Plant hunting in South Essex

Friday 21st June 2024

… a guest blog by Dr Chris Gibson, Co-author of British & Irish Wildflowers and Plants: A Pocket Guide, who recently led a Wildflower Walk at Canvey Wick.

As a prelude to my walks in Hockley Woods, I took the opportunity while in south Essex to reacquaint myself with some of the sites and botanical sights of my now quite distant past, going back to the 1980s.

Canvey Wick, a remarkable brownfield wildlife site on a former oil refinery has appeared in these blogs before, as one of the greatest success stories of my conservation career. I have described it as an ‘accidental nature reserve’ that has now transformed into a real nature reserve, owned by the Land Trust, and managed by Buglife (the charity of choice of #WildEssex) and RSPB.

A site of such resonance to me, one I have been associated with for more than 25 years since we discovered its remarkable biodiversity, I was thrilled to be asked to lead a wildflower walk around it for Buglife last week. It has always been seen as a reserve especially for invertebrates. When discovered, it was believed to have almost the greatest concentration of rare and scarce invertebrates of any site in the country, second only to the much larger Dungeness. It helped to put brownfield nature on the conservation map.

The reasons for that diversity are manyfold, mostly relating to its use (and abuse) by humans over the last eighty years. But another factor is the diversity of wild plants it holds. As with all brownfield sites, the plants are a wonderful multicultural mix from across the world, native species including many Essex coastal specialities and non-natives derived from gardens and port activities etc.

Narrow-leaved Ragwort (Senecio inaequidens)© Dr Chris Gibson

So an ideal area to look at wild flowers and in doing so to introduce people to our newly published book, which makes no distinction between natives and aliens. If a plant is found in the wild, irrespective of its status, in more than a third of the 10km squares of the National Grid, it is in the book.

While conservationists may despair about the spread of non-natives, in many cases they are not aggressive, and often they perform useful ecological functions, as any gardener knows. So we looked at Narrow-leaved Ragwort, which has a nearly year-round flowering season, so providing nectar and pollen for insects even at seasons when natives are not up to the job.

Other non-natives included Goat’s-rue, Broad-leaved Everlasting Pea and Hybrid Bladder-senna, all loved by bumblebees, plus Rose Campion and many others.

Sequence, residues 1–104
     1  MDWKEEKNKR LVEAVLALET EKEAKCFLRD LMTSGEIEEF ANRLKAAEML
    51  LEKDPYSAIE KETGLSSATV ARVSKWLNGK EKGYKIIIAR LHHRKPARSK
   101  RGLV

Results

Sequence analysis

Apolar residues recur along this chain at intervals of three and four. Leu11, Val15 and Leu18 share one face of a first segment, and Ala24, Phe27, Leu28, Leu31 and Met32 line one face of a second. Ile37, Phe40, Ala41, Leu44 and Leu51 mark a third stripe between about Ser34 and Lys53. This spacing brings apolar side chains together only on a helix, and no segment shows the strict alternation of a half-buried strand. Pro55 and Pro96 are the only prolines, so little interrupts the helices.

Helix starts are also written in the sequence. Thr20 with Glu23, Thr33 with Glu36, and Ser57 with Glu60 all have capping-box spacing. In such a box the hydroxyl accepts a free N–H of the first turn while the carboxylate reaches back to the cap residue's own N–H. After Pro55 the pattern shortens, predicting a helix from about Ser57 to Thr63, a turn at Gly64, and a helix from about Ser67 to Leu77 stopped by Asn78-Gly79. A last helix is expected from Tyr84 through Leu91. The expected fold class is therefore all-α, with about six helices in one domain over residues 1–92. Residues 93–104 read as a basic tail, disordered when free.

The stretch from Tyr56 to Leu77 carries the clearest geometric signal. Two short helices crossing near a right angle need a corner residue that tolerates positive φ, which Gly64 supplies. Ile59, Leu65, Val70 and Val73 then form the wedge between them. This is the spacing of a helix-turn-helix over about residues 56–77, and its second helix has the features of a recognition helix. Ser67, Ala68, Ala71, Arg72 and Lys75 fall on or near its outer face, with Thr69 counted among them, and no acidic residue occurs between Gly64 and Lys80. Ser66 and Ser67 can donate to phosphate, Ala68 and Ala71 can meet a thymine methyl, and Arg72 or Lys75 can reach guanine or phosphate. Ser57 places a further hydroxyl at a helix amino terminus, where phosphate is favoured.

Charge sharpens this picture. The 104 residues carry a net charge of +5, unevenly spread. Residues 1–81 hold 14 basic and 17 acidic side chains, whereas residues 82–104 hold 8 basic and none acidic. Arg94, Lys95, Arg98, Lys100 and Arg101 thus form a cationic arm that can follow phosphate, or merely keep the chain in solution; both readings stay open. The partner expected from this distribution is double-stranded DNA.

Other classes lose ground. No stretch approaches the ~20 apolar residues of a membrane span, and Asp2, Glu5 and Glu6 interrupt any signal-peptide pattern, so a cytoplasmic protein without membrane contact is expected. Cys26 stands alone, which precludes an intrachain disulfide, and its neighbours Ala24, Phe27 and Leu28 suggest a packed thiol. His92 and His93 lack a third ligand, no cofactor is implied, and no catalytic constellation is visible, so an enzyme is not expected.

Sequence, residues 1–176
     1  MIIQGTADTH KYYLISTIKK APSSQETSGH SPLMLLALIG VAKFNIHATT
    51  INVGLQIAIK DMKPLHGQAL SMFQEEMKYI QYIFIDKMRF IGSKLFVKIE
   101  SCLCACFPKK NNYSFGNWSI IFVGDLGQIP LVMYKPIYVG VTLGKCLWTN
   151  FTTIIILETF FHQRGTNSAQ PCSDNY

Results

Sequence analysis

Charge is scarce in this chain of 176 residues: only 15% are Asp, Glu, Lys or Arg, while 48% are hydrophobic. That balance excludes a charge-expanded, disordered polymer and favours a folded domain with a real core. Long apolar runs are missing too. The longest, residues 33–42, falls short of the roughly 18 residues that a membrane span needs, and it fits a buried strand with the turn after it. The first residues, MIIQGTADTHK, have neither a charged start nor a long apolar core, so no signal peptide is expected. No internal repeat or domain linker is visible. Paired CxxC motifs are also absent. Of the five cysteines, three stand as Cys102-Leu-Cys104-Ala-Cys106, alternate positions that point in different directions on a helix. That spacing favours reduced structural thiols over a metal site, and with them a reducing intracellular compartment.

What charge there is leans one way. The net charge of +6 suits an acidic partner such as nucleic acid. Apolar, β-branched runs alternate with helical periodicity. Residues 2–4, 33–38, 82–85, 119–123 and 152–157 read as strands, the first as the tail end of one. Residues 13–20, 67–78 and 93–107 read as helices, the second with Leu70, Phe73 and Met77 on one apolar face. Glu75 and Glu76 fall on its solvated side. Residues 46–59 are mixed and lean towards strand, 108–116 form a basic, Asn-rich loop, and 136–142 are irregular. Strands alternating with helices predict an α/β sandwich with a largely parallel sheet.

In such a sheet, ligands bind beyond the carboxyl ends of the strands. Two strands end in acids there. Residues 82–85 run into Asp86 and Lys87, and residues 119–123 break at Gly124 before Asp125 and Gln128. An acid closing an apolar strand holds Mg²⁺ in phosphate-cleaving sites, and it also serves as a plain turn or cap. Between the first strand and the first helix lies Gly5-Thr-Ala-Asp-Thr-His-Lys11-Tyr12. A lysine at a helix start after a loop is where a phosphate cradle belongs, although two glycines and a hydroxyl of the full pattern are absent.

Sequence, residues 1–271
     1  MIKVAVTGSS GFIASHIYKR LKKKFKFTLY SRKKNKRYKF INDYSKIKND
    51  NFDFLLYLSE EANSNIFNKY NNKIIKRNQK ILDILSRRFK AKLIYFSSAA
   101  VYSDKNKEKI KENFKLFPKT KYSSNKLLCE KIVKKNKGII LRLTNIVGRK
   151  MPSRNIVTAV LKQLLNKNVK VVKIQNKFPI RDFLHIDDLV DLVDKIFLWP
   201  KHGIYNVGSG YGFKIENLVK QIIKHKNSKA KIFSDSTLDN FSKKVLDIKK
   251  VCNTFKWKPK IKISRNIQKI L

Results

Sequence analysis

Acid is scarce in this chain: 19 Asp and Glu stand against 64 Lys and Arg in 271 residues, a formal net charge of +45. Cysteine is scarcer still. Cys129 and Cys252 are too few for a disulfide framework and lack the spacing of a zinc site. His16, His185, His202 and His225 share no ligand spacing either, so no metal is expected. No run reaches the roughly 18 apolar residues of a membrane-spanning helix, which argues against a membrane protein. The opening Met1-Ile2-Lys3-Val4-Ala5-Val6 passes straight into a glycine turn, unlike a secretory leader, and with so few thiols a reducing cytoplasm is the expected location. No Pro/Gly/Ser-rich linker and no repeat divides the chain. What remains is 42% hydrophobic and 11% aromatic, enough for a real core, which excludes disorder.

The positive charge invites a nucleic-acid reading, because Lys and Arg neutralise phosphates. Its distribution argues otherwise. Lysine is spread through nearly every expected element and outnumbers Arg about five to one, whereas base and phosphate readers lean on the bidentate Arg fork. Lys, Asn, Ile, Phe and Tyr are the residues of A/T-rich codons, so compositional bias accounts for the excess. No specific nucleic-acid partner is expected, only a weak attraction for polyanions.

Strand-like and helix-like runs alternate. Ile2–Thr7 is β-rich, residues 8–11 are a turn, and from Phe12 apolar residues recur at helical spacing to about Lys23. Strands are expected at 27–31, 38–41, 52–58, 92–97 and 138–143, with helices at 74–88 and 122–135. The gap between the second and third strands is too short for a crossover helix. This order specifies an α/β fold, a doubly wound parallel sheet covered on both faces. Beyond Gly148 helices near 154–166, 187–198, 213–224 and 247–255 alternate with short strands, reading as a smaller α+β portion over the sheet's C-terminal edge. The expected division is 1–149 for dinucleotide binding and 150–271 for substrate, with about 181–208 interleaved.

Broad-leaved Everlasting Pea (Lathyrus latifolius) © Dr Chris Gibson
Hybrid Bladder-senna (Colutea hybrid) © Dr Chris Gibson

Then there are the non-native natives! Sea Buckthorn, a natural plant of sand dunes elsewhere but not in Essex, is very useful in autumn for birds that feed on its orange berries. However it is also a very aggressive species that shades out other plants, native and non-native alike, reducing biodiversity. Other less contentious native coastal specialities included Narrow-leaved Bird’s-foot-trefoil, Sea Club-rush, Wild Carrot and Grass Vetchling (a real favourite of mine).

Biting Stonecrop (Sedum acre) © Dr Chris Gibson

The beauty of brownfields is that they contain plants (and, by extension, insects) from a wide range of natural habitats, including here a mix of drought-tolerant succulents (e.g. Biting Stonecrop) and chalkland specialities, like Dogwood and Yellow-wort, alongside Tufted Vetch and Perforate St. John’s-wort, characteristic of clayland soils.

And on top of all of these there are the orchids, good colonisers of bare and grassy habitats by virtue of their dust-like seeds. Common Spotted, Pyramidal and Bee Orchids were all in flower, although the latter were going over. Since I first knew Canvey Wick nearly 30 years ago (before we even coined its name) the Pyramidal Orchids have certainly increased, while Southern Marsh-orchids have declined hugely … once the commonest species, last week we saw none.

Common Spotted Orchid (Dactylorhiza fuchsii), Pyramidal Orchid (Anacamptis pyramidalis) & Bee Orchid (Ophrys apifera) © Dr Chris Gibson


Birch Wood © Dr Chris Gibson

Of course things always change, especially on developing habitats such as here, so this is not surprising. But changes do need to be managed: while this site has rewilded itself over the past half-century, that wilding now needs to be tempered in the absence of agents of disturbance – Wild Boar, Beavers, Bison or boys on bikes. Thus, aggressive Sea Buckthorn needs removing and indeed the developing Birch woodland needs to be broken up to allow light in again. Fortunately the reserve managers are aware and undertaking these essential tasks.